Google is finally implementing the Privacy Sandbox. A big game is on!
Published: May 22, 2023
A few years ago, Apple, Google, and Mozilla all disclosed plans to gradually reduce support for third-party cookies in their web browsers in response to user privacy concerns.
As cookies are the lifeblood of the online ecosystem, everyone took different approaches to combating the profound impact they could have on the digital advertising world. Needless to mention, the privacy regulations are already making it harder for brands to collect and use users’ personal data.
Despite the fact that other browsers, such as Safari and Firefox, had already blocked third-party tracking cookies, Google Chrome remained to use them.
To effectively deal with this, as its first step, Google unveiled the Privacy Sandbox in 2020, which aims to replace third-party cookies with a more privacy-conscious approach.
And, after years of talking about it and releasing various experiments, the online advertising industry is about to get it real. Google recently announced plans to move 1% of Chrome users to the Privacy Sandbox and deprecate third-party cookies for them in the first quarter of 2024. Also, the company's plan to phase out third-party cookies entirely by the second half of 2024 remains on track.
Google announced that Chrome 115, which will be released in July, will include support for the Privacy Sandbox collection of replacement standards, allowing businesses to test them on a larger scale.
This will not be enabled by default for everyone. However, users may enable them without joining a trial before they are enabled by default for more people.
Google currently has no plans for intermediate steps to increase this number beyond 1% throughout 2023.
What does it mean for brands and marketers?
A cookie-less world is inevitable. Although marketers have already come to terms with this fact, the fear around how they are going to track users across the web and achieve targeted advertising in the absence of cookies remains a major headache.
After much controversy, Google is finally taking its first step with its privacy sandbox initiative. On the one hand, with the CMA (Competition and Markets Authority) closely watching Google’s move, the entire digital advertising world is keeping an eye on the kind of implications it will have on the ad ecosystem.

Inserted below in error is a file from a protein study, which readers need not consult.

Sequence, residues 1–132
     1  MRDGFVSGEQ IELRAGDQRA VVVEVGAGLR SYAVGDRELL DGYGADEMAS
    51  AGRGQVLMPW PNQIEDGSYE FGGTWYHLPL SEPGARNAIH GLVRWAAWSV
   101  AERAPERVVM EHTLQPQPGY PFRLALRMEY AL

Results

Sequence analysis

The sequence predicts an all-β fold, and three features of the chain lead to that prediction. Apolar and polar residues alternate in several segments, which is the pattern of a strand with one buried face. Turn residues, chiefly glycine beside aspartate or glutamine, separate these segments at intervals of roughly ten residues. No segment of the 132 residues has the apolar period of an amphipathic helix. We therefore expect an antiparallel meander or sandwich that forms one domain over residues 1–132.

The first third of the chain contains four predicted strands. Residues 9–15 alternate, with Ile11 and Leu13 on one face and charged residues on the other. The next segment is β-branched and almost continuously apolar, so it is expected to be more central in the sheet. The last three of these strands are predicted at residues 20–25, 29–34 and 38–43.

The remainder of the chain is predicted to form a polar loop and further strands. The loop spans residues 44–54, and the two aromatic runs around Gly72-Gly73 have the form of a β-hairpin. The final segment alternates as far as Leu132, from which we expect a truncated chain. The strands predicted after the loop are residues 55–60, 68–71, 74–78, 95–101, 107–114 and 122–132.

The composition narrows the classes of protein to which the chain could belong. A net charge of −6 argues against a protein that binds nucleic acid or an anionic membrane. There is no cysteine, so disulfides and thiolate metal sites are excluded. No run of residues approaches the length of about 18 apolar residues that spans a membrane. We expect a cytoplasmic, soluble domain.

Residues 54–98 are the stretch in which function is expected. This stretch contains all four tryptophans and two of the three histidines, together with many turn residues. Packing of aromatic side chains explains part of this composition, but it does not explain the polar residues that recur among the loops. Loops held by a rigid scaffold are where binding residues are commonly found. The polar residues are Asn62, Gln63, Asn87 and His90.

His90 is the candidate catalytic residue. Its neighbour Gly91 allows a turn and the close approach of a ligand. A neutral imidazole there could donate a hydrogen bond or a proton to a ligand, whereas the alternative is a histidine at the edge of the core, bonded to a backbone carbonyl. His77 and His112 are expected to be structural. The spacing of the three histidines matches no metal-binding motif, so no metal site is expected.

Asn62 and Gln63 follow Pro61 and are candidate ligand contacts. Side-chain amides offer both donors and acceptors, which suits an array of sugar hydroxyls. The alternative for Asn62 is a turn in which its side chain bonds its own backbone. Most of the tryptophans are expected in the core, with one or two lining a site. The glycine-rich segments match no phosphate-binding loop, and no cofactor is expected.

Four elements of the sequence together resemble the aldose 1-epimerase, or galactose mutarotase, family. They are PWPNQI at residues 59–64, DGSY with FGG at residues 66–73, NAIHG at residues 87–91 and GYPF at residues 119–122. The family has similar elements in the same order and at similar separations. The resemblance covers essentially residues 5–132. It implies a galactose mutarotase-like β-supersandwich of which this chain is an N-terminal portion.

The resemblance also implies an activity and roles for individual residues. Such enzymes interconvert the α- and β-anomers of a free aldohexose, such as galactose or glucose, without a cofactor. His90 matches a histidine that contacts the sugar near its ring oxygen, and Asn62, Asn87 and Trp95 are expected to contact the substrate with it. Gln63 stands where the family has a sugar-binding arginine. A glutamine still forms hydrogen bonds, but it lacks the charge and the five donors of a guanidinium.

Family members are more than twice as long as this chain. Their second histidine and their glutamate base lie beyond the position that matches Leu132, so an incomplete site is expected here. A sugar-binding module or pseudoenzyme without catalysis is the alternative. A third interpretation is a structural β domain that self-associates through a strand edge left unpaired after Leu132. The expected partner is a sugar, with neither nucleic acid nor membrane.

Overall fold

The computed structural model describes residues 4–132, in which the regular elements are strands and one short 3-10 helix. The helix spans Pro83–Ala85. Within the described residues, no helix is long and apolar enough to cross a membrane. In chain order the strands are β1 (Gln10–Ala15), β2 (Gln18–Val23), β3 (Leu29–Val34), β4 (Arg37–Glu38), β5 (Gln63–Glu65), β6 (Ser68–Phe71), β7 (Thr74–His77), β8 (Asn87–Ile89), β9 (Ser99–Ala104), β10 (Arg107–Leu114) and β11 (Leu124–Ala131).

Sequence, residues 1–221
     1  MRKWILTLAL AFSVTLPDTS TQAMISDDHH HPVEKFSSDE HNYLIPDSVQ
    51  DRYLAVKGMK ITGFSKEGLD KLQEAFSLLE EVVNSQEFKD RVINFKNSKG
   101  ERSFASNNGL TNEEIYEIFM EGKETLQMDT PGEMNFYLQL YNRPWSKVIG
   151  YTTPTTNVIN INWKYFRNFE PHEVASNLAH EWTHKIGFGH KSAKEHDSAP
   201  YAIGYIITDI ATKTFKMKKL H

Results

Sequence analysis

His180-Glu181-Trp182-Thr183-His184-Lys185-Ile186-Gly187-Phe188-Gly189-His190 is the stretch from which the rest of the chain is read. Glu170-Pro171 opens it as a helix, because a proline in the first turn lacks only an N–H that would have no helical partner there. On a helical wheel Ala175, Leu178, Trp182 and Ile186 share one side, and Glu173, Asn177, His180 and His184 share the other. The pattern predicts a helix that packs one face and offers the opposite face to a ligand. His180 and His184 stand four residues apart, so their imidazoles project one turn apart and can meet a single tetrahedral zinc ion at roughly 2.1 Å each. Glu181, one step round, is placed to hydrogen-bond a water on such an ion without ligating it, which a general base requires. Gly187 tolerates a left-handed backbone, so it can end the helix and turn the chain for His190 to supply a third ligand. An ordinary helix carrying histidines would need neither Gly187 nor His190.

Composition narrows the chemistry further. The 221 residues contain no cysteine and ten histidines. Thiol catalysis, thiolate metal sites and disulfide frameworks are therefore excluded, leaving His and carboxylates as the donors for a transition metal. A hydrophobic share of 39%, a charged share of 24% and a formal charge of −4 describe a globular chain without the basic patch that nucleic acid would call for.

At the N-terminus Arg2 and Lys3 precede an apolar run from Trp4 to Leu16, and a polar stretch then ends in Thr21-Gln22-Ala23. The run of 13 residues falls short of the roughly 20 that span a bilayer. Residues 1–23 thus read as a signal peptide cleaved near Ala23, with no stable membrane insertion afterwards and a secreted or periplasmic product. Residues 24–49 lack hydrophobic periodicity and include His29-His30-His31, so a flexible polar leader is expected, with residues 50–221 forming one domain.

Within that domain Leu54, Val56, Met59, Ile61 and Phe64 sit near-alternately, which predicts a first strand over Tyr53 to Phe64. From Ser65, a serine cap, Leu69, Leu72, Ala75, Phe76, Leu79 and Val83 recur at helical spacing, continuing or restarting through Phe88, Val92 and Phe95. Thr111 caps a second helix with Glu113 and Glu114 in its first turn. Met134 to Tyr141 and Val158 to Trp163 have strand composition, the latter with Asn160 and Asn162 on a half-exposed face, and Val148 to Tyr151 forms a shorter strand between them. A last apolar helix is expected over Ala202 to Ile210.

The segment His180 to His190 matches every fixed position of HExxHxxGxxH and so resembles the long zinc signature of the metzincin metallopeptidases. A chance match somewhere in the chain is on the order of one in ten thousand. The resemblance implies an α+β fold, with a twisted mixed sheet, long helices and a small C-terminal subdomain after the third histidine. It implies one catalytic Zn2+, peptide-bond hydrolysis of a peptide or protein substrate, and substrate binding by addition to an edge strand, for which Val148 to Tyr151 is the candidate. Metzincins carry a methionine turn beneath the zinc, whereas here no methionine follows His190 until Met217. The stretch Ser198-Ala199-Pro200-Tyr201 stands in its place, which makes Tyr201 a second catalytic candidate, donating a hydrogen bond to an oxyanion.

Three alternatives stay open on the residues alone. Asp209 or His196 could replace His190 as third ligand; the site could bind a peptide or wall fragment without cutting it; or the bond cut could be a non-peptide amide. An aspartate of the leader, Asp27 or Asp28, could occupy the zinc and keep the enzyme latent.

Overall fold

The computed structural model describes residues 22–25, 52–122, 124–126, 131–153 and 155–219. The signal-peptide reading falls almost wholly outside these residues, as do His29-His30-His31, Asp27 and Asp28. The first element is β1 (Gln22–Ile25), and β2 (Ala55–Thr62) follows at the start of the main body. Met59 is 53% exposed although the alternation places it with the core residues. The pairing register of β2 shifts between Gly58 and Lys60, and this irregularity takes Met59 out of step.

Although success or failure cannot be determined overnight, this initial step will provide an overall idea for marketers to understand how the demise of third-party cookies will impact measurement and targeting.
No matter what, now is the time for marketers to embrace privacy-centric strategies and be well-prepared to face the cookie-less world that users value the most, and the ad industry is already on board.
And here are a few things we believe marketers should embrace in order to successfully navigate the cookie-less world:
- Brands should focus on strengthening their relationships with customers by encouraging them to subscribe to newsletters and create accounts so as to gather data on their interests and preferences.
- Leverage AI and machine learning technologies the most to influence customer behaviour on the website and collect meaningful insights to achieve targeted advertising.
- Brands must build a concrete first-party data strategy, as first-party customer information helps them create more purposeful marketing and bring greater efficiency to their business operations.
- Brands must stop relying completely on cookies and start implementing contextual targeting. This way, they could ensure their offers and ads align with their users’ interests and improve engagement and ROI even in the absence of cookies.
- Marketers must be ready to test new technologies and keep an eye on emerging alternatives in order to drive effective marketing campaigns while respecting consumer privacy.
- Executing a CMP (consent management platform) must not be overlooked to manage user preferences and consent. This ensures transparency and compliance while giving users the ability to customise their level of data sharing. This, in turn, helps them provide personalised experiences to users.
In essence, the era when marketers were only debating the implications of third-party cookie deprecation and privacy sandboxes has come to an end. They will be witnessing it very soon. Meanwhile, it is undeniably crucial for businesses that don’t want to be left behind in the post-cookie world to focus on building privacy-centric marketing strategies.
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